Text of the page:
Balaclavas, Neck Gaiters and Face Masks

A balaclava is an incredibly useful piece of gear to bring hiking or camping. It can be worn during the day in cool weather as a hat, face mask, or neck gaiter or at night as head covering to keep you extra warm in your sleeping bag.


Balaclavas come in many different styles and materials. My personal favorite is an Outdoors Research Wind Pro Balaclava which is wind proof and has a big hole for my face. This model is very flexible because I can adjust it in all kinds of different configurations depending on my warmth level and how much I’m sweating. I also own the OR Sonic Balaclava which provides even more coverage over my nose and mouth, with mesh breathing ports for extremely cold and windy conditions.

Balaclava Variations

If you don’t like wearing a balaclava, it’s possible to obtain a comparable level of insulation or facial protection by wearing a neck gaiter or a combination neck gaiter/face mask with a hat. I also do this, especially when I’m having issues with my glasses fogging up, because it gives me a little bit more control over thermal venting. When I wear a face mask, my preference is the Serius Neofleece Combo Scarf which contains neoprene, and like a wet suit, retains your body heat when it gets wet from your exhalations.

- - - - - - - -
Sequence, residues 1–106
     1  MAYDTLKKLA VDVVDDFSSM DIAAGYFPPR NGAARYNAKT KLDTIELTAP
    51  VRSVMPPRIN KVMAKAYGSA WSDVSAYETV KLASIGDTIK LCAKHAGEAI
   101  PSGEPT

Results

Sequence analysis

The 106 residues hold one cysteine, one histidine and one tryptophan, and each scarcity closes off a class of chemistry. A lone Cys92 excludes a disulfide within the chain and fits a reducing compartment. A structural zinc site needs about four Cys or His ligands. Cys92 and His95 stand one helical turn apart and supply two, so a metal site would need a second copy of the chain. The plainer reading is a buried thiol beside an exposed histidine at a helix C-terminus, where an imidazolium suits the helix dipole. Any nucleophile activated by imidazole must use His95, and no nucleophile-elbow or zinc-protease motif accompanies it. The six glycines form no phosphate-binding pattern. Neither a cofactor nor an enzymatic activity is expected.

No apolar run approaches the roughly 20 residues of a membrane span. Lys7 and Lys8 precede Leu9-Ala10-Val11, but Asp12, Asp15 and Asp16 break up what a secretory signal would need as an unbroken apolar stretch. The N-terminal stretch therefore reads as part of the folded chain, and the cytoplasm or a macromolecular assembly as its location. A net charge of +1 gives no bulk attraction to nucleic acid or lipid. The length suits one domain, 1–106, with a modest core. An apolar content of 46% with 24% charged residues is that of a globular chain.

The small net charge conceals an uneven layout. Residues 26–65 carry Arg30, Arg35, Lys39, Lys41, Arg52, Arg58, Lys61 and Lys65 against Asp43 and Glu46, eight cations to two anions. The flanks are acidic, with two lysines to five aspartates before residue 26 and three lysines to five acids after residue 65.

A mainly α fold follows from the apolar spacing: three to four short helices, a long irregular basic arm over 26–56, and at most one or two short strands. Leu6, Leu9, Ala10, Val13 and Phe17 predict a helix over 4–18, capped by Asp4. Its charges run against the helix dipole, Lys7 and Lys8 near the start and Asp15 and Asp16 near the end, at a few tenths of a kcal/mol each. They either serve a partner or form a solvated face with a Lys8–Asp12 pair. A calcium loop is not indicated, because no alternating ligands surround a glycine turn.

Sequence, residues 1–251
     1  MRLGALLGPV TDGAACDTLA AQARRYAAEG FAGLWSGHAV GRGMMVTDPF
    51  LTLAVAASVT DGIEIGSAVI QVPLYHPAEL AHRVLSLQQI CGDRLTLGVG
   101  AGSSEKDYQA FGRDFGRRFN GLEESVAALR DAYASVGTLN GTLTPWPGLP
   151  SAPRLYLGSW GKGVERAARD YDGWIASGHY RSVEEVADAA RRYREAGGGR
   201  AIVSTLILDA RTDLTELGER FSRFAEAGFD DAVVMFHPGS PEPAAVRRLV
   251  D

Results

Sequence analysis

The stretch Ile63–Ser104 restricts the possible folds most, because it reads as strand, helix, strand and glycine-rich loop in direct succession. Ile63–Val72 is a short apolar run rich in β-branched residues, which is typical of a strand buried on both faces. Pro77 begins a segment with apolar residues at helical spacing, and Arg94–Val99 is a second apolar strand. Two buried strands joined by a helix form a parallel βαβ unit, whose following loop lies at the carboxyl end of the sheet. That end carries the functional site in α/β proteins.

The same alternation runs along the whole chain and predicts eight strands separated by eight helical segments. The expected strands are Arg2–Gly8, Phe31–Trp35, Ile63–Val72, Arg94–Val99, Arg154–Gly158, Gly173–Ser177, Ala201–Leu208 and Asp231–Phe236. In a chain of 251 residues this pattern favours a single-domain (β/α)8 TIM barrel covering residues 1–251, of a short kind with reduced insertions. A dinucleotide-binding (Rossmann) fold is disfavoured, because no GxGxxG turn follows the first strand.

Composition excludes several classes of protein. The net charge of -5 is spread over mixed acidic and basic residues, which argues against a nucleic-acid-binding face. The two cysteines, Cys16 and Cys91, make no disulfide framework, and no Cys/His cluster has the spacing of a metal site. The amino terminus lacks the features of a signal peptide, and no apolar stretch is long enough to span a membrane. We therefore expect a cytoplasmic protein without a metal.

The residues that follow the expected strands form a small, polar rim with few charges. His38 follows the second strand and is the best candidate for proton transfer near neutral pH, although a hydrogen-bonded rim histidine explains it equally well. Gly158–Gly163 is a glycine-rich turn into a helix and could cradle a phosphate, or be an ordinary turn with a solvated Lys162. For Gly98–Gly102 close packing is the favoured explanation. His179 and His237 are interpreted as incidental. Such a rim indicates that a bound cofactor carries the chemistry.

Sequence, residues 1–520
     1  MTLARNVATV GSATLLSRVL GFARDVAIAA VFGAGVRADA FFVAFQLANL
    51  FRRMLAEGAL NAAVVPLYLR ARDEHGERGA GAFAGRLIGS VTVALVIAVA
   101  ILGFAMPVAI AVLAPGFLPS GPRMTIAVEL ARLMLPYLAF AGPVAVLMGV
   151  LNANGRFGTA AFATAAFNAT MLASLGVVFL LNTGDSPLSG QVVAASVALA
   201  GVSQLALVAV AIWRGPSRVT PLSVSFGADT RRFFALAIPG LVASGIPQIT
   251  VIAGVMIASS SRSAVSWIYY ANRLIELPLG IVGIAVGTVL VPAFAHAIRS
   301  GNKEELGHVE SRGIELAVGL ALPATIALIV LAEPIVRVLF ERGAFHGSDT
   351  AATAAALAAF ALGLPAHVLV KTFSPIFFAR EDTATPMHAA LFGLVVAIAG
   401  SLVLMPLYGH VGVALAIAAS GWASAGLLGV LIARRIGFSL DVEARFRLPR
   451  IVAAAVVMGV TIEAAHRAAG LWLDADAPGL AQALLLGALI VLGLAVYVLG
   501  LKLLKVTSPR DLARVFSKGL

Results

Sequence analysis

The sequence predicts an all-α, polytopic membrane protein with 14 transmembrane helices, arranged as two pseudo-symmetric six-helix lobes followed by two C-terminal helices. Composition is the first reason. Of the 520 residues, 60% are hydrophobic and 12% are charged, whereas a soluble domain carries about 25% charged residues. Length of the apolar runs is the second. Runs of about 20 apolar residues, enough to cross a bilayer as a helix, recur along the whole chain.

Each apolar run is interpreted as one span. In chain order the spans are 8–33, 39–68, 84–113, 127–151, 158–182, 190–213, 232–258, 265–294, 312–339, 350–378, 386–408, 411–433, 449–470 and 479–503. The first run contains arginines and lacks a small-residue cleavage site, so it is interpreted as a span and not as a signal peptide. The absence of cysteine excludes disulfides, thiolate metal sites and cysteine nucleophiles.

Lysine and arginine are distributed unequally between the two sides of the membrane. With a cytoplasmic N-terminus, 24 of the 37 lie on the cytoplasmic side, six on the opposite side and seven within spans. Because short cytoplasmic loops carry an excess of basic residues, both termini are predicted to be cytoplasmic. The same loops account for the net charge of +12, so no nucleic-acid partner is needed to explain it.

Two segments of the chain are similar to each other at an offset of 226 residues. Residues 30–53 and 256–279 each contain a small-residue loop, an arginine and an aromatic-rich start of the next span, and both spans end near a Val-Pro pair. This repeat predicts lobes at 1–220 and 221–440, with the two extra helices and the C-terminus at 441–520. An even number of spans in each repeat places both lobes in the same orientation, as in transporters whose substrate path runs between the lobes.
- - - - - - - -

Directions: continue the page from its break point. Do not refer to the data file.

During the other three seasons of the year, I usually wear a Buff Bandana as a hat at night for extra warmth. During black-fly season, I’ll wear it during the day like a balaclava because wearing a bug net makes me dizzy. I used to spray my Buffs with permethrin, a contact insecticide, but Buff has recently started manufacturing Buffs with Insect Shield (permethrin is the active ingredient). The factory dipped Buffs remain effective through 70 washings vs. a half dozen if you spray on the permethrin yourself: definitely worth another $15.

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